Thursday, January 12, 2012
A fellow writer and I had a discussion the other day on what’s selling in romance. It was sparked by the edits I’m currently doing for my latest book. The editor wants more explicit language and another sex scene to bring the heat level up to line standards. I had no trouble with that. Whatever makes the book better is fine with me.
Then I thought: better, or more saleable? Am I turning into a hack?
There’s no fault in wanting to make a living doing something you enjoy. I’ve wanted to be a writer since I first learned the alphabet. I had my first success in science fiction before I sort of fell into romance. I’d been reading romance for years, even played around with a couple of plots, but never got serious until I found an open call for a romance anthology and realized I had an idea. So I wrote the idea and discovered I liked the genre and could write saleable stories in it. Then I found a publisher that likes my work. The rest isn’t history yet, but I’m working on it.
At the moment I’m writing paranormal, which is like the SF/F I was writing before, just with sex scenes. Sometimes I get caught up in the plot and have to remind myself to add sex. I’m still new at this.
This wasn’t some conscious decision prompted by market research. I didn’t look at sales figures and say, “Romance is selling better than SF, and with all the e-publishers I stand a better chance of finding a receptive market. Plus, I hear you can make huge royalties if you’re prolific. I’m going to do this for a living.” The “prolific” part alone should have scared me off. If I can write even a novella in six months, I’m having a good year.
What concerned me in the wake of our conversation was the decisions I did make. I’m trying to change my slothful habits so I write more. That’s helpful in any genre. However, I’ve added M/M novellas to my to-write list. In today’s market, that seems to be where the money is. Never mind that I’ve got ideas for paranormal M/M stories and I enjoy writing them. The book I’m editing now is M/M/F. I didn’t write it because ménages sell. It’s a sequel to my last book (an M/M novella) and I wrote it because the idea nagged at me and I wanted to hang on to the characters. On the other hand, would I have written either if their respective subgenres weren’t hot sellers right now? Am I a savvy writer with an eye on the market, or a hack?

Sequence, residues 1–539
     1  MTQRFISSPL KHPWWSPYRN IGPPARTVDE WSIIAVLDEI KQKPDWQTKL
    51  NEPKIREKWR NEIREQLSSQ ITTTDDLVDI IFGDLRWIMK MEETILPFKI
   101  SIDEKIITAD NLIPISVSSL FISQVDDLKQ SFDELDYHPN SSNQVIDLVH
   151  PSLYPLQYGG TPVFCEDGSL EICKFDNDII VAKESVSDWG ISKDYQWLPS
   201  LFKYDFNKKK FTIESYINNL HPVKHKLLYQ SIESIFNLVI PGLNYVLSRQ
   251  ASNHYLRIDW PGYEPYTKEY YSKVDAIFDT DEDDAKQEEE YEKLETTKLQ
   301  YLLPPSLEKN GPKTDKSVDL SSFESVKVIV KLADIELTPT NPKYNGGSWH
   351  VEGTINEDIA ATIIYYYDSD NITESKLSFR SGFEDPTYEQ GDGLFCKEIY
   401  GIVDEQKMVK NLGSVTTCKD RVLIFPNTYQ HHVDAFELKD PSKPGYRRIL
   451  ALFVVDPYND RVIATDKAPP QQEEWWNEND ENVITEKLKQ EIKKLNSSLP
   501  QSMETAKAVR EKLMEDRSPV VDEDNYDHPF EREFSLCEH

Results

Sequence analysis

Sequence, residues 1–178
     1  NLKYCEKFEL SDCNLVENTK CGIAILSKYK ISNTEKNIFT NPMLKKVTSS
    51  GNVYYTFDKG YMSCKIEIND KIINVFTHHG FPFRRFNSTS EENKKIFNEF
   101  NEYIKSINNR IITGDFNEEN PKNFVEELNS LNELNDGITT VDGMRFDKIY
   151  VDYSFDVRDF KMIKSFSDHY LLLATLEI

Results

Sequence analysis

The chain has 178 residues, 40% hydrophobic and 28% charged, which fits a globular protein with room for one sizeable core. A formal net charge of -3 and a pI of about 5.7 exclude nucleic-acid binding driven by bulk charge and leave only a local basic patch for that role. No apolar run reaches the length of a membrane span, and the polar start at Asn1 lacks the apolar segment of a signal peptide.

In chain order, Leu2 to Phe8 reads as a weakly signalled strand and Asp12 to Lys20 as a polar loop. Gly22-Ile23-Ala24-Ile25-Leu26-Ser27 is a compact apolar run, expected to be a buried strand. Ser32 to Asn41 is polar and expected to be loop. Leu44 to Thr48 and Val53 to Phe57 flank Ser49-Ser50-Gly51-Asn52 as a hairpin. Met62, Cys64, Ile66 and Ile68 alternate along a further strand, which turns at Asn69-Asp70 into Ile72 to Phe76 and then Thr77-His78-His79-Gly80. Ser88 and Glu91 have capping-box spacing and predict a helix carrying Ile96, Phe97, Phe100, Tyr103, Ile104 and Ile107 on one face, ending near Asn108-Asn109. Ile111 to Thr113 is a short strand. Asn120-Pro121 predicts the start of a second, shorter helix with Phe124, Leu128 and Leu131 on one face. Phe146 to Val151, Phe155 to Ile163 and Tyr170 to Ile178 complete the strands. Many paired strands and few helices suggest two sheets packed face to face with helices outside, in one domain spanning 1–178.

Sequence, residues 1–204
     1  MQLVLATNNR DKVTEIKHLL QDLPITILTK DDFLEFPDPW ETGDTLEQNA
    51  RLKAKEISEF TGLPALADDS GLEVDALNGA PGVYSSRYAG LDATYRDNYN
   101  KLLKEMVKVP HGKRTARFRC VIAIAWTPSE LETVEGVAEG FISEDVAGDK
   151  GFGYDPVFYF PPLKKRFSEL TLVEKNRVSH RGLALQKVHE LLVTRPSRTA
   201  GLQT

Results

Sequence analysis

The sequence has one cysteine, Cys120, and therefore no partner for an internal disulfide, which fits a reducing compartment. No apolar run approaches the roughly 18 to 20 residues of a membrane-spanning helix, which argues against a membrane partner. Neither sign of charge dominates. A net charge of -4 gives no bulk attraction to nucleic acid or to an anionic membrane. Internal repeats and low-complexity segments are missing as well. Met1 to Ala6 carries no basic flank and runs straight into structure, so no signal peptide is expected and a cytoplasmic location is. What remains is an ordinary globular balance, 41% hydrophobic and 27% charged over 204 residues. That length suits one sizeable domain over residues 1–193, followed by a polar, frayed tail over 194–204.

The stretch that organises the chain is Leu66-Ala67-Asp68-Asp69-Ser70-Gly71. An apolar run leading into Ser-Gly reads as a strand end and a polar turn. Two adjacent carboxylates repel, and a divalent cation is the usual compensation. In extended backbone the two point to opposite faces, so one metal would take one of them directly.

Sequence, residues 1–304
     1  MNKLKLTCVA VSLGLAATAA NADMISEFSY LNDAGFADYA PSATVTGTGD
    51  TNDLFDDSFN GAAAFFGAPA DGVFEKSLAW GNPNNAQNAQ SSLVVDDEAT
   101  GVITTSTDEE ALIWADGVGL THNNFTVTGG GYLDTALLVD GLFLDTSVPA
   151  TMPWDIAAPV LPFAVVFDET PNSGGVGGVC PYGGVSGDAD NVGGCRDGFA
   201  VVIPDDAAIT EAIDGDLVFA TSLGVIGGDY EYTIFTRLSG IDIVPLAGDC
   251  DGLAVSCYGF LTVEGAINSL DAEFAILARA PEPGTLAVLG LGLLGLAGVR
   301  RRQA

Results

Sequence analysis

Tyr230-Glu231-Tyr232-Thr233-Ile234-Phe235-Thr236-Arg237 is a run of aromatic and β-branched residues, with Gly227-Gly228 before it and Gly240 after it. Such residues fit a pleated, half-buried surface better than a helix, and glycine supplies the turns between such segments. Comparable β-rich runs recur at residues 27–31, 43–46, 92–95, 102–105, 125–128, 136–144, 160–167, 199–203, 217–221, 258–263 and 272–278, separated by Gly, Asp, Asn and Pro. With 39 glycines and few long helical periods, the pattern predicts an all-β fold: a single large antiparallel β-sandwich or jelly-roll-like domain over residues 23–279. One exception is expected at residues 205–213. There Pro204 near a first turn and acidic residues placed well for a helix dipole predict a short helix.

You tell me. I’m not even sure where the line is drawn between writer and hack. I stumbled into this. I read Marvel Comics growing up because of the soap opera elements. I loved seeing relationships develop between the characters as much as I did the superheroics and cosmic plots. In high school I wrote comic book fanfic and made one of the heroes gay, so the M/M didn’t come out of nowhere. It just happens that, for once in my life, what I want to write actually has an existing, robust market. I want to make a living at this. What writer wouldn’t? But if I consciously choose to focus on the selling subgenres, am I flirting with hackdom?
I feel like I’m justifying. I don’t know. I do know I love reading my dad’s old Louis L’Amour collection, but I can’t see myself writing a Western. A Western with SF or paranormal elements, romance optional, yeah. But if straight, traditional Westerns become the next big thing, I’m up the creek. Couldn’t do it. The same for F/F in erotic romance. I have no ideas in that direction. If M/M goes down the toilet I’ll write paranormal M/Fs, which I’m still writing, by the way. Or excise the sex scenes and write the books as SF or fantasy. If the idea hits me hard enough, I have to write it down, and I have to write it the way it wants to go. That’s how I ended up here in the first place.
How about you? What’s your definition of hack, and how close do you find yourself flirting with it in your efforts to make a living as a writer? Maybe “hack” is just a term invented by people jealous of other, more prolific writers’ success. I like that one; it makes me feel better.
And now, back to the edits. How many uses of “dick” is too much in one paragraph? Ah, the life of a working writer.